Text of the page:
"Le Boucher" *** (out of ****)
Claude Chabrol's "Le Boucher" ( The Butcher; 1972) is often considered by sheep (er movie critics) as the best film the great French filmmaker ever made.
I first saw this often called classic several years ago when I was in my early twenties. I had just discovered the work of this brilliant and sometimes neglected filmmaker, referred to as "the French Hitchcock", and at the time I admired the movie. If I am honest with myself, I think I enjoyed it because I felt "pressured" to do so. The American movie critics throw a lot of praise at this film and you will find some in the general public praise it as well, so, I felt a certain "obligation" to like the movie as strongly as others have as well. But, as I watched "Le Boucher" again and being older and less concerned with how my opinions correlate with that of the general public, I find the movie to be lacking.
Claude Chabrol was known for making films which involved murder. His films mainly focused on the bourgeois and tried to expose the friendly, respectable facade they have created for themselves as family secrets were exposed and psychological conflicts were revealed and it usually ended in murder.
He directed what is generally considered the first film in the Nouvelle Vague (French New Wave) movement, "Le Beau Serge" (1958). He, along with Francois Truffaut, Jean-Luc Godard, Eric Rohmer and Jacques Rivette, wrote for the influential magazine Cahiers du Cinema. With time, as I have already mentioned, he earned the nickname, "the French Hitchcock", though Chabrol felt it was not an apt comparison.
"Le Boucher", like a few of Chabrol's early films ("Le Beau Serge" among them) focuses on the working class. Here we follow a school teacher, Helene (Stephane Audran, whom at one time was married to Chabrol) and a butcher, Paul (Jean Yanne). They both live in a small, quiet town, and as in other Chabrol films, things aren't what they seem. The small town will turn out not to be the idyllic, gentle place its surroundings would have you believe. For that matter, the characters are not as innocent as they appear either.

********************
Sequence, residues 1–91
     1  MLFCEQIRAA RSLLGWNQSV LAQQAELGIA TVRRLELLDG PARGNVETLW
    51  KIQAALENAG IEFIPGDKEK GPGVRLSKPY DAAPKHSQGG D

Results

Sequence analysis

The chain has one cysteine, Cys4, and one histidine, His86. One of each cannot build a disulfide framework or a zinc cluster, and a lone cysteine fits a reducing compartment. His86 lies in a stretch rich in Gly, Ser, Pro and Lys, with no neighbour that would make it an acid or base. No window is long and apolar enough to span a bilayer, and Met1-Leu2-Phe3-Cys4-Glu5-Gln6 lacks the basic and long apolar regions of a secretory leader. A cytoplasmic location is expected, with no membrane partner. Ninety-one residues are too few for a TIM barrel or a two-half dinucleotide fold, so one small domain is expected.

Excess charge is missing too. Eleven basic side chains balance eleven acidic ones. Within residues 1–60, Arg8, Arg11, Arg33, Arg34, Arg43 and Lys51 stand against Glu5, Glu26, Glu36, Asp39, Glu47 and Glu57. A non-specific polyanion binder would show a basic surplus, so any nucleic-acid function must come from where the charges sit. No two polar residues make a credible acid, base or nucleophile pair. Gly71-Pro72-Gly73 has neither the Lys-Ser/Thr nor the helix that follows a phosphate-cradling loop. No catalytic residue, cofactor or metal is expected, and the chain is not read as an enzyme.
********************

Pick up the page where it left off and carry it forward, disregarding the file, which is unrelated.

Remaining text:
The movie begins by showing us the good times, a wedding, as we see Helene and Paul meet and strike up a conversation. We learn Paul has been in the army. He has not been back to this small town since his mother died seven years ago. He didn't get along with his father, who was also the town's butcher, now Paul has filled those shoes. We learn very little about Helene. All we know is she has been living in this town for three years and knew Paul's father.
At first "Le Boucher" doesn't seem to be about much. We just follow these characters and suspect perhaps a romance will develop between them. But, this is a Claude Chabrol film. Something has to happen. And that's my problem with "Le Boucher". Not enough happens and it takes too long for something to begin to happen.
We slowly learn one of the townspeople has been murdered. The police have no suspects. The victim was a young woman. The same woman who was married at the beginning of the movie. Next we learn of another murder. The police suspect it was done by the same killer since the deaths were similar.